Hello Bloggie World! I'm Deniece from This Little Piggy Reads.
I'm a Texas Teacher with 10 years of experience.
If you aren't aware, Texas is totally different from the entire country.
TEKS (Texas Essential Knowledge and Skills) drive our instruction, not Common Core.
This year I was offered an amazing opportunity to teach
Gifted & Talented Students across our district. Each elementary school is bussed to our campus a different day of the week. I teach a 4th/5th split class. My students beg to be challenged. I love my job!
We start off every class period with a logic problem. I've used a variety of them. TpT has some great free and paid resources for logic problems.
How do logic problems help students?
Logic problems increase their reasoning and problem solving skills.
It is basically a mystery that students have to solve by sorting through the evidence.
|Shown in Pic: Thanksgiving Jokes|
Our district has pinpointed skills that all of our elementary schools have deficits in. In reading, we know that they lack inferencing skills and in math we know that they need more exposure to solving multi-step word problems. Logic problems marry both skills in a fun and engaging way.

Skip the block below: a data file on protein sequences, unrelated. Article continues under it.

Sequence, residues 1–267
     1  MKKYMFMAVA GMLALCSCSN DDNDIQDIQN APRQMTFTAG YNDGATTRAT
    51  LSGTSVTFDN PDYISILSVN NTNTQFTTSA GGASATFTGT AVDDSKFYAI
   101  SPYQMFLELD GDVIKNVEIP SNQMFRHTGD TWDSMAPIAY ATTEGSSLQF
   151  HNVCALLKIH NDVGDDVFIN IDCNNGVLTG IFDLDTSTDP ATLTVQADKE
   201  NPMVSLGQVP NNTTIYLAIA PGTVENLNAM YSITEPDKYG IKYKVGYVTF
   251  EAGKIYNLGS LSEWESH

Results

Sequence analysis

When I say logic problems, you might automatically think of SUDOKU Puzzles or Logic Grids. Don't forget about riddles, rebus puzzles or word games.
Have you ever been in a room with all gifted students?
It is surprisingly quiet (except for my Tuesday class). I have to force them to talk! I know teachers across the blogosphere are turning off their computers or yelling expletives at me. If I give my students a SUDOKU Puzzle or a Logic Grid, they will take their pencil, move to a corner of the room and choose not to talk to anyone.
|Shown in Pic: Whose Grandparent is it?|
However, if I give the table a baggie with a riddle or a problem to solve and offer an incentive for the table that answers the problem first (or within 7 minutes), I begin to hear chatter. I enjoy listening as they discuss different solutions to the problem. They are highly motivated when I tell them the prize is 1 hour of gum chewing in class.
Now, I'm sure all of you have morning work or bell work.
I know I did in my inclusion classroom. But, it was silent seat work.
Let's be serious, I needed to drink my coffee in silence.
If I reflect upon this practice, was this the best thing for my students? No, not always.
All of my students needed exposure to problem solving. My ELL and RtI students needed to hear the process their peers were using to find answers. My Gifted students needed to be challenged. This activity helps build social skills, due to its collaborative nature.
Do you use logic problems in your classroom? If not, I challenge you to incorporate them once a week and watch your students collaborate to find answers. To get you started, I made a beginner logic puzzle with moveable pieces. It's scaffolded with a chart that younger students might need to get started.